But, as the latest research suggests, the homeowners are not prepared for a raise in this sector. 68% do not actually know how a base interest raise can affect them.

Research suggests many British home owners are not prepared for interest rate rise

Knowing the risks and the implications is vital to choosing rightfully, at least when it comes to money.

Read more

The mortgage market is in continuous move and it can affect you as well.

If you’re one of those shopping for a house soon and you are considering a mortgage, you should carefully analyse a couple of factors before making a decision. The location, the time you are going to spend in your new home (if it is temporary or, hopefully, for the rest of your life), the purpose of the investment (for your own living or if it is a buy to let), and other life circumstances should be considered when choosing a type of mortgage.

However, even with all these cleared up, there is still one more factor that might influence your decision. The mortgage market is in continuous move and it can affect you as well.

The analysis after the first quarter of 2017 proves that some types of mortgages are increasing, while other products for loans are remaining unchanged. For example, the number of contracted mortgages rose in the first three months. These are bank products offered for self-employed people, people with complex incomes or other underserved segments of the buyers’ market. Looking closely upon the offer of bank products, you may see that banks will speculate this moment and will come with new and improved offers. You will just have to pick the most advantageous for you.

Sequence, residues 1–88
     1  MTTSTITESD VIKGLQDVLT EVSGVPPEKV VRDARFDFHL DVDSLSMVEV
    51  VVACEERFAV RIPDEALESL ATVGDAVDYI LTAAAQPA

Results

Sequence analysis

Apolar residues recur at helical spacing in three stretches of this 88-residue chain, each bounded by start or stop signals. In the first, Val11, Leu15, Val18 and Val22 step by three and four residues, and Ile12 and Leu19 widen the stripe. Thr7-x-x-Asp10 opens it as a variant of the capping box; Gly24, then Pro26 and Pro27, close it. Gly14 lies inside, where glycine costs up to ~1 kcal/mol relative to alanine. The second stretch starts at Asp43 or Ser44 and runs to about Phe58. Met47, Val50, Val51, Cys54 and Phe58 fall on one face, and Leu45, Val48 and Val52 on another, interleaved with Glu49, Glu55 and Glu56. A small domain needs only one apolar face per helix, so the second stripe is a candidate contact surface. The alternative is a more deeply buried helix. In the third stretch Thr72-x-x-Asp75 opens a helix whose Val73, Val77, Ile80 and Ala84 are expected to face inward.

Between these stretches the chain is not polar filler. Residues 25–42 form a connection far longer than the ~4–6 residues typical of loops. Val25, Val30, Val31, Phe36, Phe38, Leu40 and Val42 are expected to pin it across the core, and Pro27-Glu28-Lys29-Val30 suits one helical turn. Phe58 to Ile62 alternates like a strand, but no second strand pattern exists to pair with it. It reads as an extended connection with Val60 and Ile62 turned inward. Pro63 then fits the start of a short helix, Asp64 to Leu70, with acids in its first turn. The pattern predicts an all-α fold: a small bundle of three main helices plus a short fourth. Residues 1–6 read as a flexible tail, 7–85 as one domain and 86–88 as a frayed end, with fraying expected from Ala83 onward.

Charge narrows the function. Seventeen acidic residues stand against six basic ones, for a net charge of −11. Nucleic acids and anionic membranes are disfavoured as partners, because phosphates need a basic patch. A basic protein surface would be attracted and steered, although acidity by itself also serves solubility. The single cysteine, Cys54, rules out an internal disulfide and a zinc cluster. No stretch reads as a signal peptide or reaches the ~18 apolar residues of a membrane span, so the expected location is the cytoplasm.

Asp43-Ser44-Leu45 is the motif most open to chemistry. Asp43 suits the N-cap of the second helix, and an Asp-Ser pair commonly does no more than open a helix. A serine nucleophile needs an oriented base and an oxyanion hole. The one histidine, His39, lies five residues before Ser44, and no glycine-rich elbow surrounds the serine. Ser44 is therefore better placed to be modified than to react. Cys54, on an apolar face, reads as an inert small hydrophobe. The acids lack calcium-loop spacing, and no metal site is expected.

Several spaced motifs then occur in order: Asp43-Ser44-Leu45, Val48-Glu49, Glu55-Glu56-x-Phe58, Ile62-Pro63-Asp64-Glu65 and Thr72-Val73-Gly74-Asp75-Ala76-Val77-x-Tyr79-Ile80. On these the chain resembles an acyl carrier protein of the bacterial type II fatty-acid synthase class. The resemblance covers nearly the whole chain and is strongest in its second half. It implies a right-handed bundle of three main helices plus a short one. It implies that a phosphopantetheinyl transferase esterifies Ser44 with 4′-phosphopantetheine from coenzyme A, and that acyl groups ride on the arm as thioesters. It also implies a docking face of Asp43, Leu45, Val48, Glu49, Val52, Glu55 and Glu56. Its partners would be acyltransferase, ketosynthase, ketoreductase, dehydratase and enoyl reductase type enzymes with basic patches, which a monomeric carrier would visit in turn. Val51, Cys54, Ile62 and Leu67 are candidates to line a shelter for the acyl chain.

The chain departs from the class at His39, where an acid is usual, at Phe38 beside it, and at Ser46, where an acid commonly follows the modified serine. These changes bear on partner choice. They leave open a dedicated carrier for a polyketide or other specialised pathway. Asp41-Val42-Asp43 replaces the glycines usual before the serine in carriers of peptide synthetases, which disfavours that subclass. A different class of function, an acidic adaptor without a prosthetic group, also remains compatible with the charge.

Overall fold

The mortgage market also seems to be improving since the number of completed applications  for first time buyers is rising. 67% of first time mortgage applications were completed in the first quarter of 2017, up substantially from 48% in the same period of 2016. Intermediaries have eased up the applications because of the struggle to obtain a mortgage that was intensely publicised last year.

And one of the most important news that the mortgage market received at the beginning of this month is that the lending rates reached their lowest point. The figures from the Bank of England showed that this year’s borrowers received the lowest mortgage rates ever.

These effects are sometimes connected and influence one another, but paying enough attention to the movements of the market might pay off eventually.

Sources:

http://www.propertywire.com/news/uk/brokers-see-demand-specialist-mortgages-less-buy-let-forecast/

http://www.propertywire.com/news/uk/uk-mortgage-applications-intermediaries-successful-year-ago/

http://www.propertywire.com/news/uk/mortgage-lending-rates-uk-reaching-lowest-rates-ever/

 

Read more

A petition that has so far gathered 144,343 signatures and argues that making rental payments is proof of ability to meet mortgage repayments is to be considered for debate in Parliament.